Project will be a win for Ward F, city

As Jersey City continues to rise, it’s important we leave no community behind. For years, the south side of Jersey City has struggled with poverty, crime, lack of affordable housing, failing schools, and the list goes on.

Recently, a developer has expressed interest in ensuring Ward F (Bergen/Lafayette) has more investments and giving back to the community.

This month, the Jersey City Planning Board is expected to vote on a new residential project on Communipaw Avenue where residents will have a STEM recreation center; 5% affordable housing; affordable commercial space with a focus on minority business owners; public parking spaces; and an outdoor plaza with a scenic walking path into Berry Lane Park.

It’s important to welcome new residents to Jersey City and not forget about lifelong residents. By approving this project, it creates diversity and inclusion and is a big win not only for Ward F but for the entire city.

In addition, this project is backed by prominent African American elected leadership in Jersey City: Ward F Councilman Jermaine Robinson, Council President Joyce Watterman, and Freeholder Jerry Walker.

Without a doubt, this is a huge win, especially for our young people.

I strongly urge the Jersey City Planning Board to support this project as Jersey City continues to be one of the best mid-sized cities in the nation.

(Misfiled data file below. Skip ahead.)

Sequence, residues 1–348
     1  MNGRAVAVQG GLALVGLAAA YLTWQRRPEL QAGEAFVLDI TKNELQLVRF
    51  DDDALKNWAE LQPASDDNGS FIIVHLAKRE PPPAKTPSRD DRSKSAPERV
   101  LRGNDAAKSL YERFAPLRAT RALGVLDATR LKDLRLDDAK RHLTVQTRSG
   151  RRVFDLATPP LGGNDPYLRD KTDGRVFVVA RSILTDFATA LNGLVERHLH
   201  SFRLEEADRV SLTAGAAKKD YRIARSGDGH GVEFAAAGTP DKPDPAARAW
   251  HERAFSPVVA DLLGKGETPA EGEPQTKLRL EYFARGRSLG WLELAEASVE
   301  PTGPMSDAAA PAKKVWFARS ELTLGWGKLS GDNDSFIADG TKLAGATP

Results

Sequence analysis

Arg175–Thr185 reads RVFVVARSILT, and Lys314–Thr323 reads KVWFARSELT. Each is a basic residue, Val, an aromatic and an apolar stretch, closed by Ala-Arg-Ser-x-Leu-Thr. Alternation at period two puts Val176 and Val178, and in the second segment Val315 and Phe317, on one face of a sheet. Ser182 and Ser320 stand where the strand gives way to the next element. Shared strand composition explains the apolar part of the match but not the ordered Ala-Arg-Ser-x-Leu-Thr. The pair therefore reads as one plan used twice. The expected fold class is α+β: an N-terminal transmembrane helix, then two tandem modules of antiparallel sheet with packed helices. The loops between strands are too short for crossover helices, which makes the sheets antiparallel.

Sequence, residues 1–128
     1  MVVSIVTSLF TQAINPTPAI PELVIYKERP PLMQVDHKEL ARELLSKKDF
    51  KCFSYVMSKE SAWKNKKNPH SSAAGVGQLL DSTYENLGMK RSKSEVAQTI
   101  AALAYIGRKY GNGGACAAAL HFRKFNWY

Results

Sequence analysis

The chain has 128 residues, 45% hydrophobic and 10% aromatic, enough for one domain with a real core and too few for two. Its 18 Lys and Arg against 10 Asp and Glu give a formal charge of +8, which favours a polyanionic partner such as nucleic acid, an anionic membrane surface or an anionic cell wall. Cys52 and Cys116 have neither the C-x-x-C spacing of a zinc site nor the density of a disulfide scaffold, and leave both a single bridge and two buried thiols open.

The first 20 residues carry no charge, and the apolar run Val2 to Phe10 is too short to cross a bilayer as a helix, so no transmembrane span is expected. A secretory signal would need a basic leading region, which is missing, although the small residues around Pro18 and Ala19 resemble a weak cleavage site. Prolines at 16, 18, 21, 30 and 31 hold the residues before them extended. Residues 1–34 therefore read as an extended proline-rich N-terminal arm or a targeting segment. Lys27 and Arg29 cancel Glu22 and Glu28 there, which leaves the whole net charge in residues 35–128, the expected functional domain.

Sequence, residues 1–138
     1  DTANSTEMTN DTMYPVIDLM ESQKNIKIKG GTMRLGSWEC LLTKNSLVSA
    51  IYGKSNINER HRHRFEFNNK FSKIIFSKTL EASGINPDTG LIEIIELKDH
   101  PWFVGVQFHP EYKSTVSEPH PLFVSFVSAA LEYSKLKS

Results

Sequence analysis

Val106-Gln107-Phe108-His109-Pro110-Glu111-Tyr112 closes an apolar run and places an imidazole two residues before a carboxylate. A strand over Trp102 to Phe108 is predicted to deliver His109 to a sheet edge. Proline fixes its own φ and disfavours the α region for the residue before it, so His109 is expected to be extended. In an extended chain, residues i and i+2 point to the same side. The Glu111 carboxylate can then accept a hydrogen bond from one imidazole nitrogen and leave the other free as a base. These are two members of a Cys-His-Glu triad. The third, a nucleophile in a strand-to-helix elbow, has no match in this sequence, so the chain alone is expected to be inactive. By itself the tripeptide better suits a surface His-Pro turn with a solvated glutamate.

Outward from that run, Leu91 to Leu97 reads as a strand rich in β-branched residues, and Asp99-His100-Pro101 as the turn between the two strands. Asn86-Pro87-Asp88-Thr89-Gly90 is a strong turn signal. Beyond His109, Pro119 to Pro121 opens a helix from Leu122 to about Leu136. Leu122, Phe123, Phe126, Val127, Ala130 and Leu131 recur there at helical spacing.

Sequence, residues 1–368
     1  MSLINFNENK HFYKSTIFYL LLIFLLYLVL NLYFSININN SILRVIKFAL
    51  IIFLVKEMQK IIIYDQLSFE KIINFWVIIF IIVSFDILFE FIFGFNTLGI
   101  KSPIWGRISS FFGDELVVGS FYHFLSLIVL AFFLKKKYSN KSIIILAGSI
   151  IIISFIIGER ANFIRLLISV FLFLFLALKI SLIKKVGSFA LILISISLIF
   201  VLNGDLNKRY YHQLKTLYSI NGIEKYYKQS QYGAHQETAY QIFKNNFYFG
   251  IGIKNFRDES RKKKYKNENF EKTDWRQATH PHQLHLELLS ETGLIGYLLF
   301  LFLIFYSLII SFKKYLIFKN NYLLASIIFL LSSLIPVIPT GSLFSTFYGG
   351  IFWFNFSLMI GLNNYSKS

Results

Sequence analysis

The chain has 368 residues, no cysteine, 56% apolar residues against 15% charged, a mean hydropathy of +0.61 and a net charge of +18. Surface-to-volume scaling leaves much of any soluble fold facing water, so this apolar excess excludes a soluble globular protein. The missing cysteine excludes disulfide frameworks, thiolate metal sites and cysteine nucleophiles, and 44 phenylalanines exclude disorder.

Demetrius M. Terry, Jersey City

Educate young voters

This election is probably one of the most important elections that we’ve had in recent years.

While young voters are the most diverse and one of the largest pool of eligible voters, they are voting less than other age groups. To make sure that this fact changes, this election, we must educate young people on the importance and power of their vote so they get out to vote.

That is why I am working with NJPIRG, which is a student-led organization devoted to tackling issues ranging from climate change to getting out the vote, this year to educate and push my peers to vote to make their voices heard.

We’ve hosted Zoom conferences to educate our peers, called people to help them register through, and that’s only just the beginning. I believe that by publicizing our efforts in more major publications, more young people will get interested and pass on that passion to some of their friends and family.

Laura Muyingo, East Brunswick

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